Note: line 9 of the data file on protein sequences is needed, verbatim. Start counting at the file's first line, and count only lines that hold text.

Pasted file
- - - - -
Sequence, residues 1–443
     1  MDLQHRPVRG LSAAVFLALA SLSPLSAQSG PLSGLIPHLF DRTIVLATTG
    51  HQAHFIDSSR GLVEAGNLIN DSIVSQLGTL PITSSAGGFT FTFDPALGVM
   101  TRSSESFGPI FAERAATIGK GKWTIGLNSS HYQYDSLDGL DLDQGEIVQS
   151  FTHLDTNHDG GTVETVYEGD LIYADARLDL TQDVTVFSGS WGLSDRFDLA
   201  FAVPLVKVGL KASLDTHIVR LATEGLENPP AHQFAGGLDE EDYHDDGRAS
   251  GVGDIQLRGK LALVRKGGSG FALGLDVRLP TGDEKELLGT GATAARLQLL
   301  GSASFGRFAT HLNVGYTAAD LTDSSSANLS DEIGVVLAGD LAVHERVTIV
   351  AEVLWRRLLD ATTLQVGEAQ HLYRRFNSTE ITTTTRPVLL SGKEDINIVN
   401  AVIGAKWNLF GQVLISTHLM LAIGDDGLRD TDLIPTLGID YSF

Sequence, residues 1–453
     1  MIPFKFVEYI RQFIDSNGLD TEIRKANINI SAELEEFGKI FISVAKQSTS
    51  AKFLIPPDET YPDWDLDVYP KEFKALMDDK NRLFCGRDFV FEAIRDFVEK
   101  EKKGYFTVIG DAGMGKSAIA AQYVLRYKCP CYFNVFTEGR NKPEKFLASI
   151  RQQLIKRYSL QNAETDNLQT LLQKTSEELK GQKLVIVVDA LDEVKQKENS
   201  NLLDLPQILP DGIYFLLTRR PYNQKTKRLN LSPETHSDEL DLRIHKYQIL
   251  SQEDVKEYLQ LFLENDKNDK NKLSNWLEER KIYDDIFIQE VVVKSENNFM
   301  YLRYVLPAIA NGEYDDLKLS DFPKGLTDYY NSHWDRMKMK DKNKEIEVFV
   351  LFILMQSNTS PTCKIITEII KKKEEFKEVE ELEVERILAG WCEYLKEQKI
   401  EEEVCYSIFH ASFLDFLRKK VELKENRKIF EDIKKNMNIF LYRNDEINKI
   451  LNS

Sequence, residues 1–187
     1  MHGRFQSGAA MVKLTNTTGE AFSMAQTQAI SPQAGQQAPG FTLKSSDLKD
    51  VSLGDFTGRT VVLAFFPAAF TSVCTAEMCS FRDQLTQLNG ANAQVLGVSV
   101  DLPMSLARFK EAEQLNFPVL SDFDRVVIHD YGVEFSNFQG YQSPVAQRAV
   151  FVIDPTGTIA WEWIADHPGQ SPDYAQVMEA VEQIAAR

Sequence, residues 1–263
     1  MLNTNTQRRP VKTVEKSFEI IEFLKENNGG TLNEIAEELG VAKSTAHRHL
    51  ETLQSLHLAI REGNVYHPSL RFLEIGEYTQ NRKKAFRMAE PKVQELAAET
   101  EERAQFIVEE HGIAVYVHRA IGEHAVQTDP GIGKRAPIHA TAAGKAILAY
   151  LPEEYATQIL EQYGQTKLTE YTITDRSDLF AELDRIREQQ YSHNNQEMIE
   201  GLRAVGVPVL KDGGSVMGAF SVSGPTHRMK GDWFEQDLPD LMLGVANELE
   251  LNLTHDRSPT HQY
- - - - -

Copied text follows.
   351  AEVLWRRLLD ATTLQVGEAQ HLYRRFNSTE ITTTTRPVLL SGKEDINIVN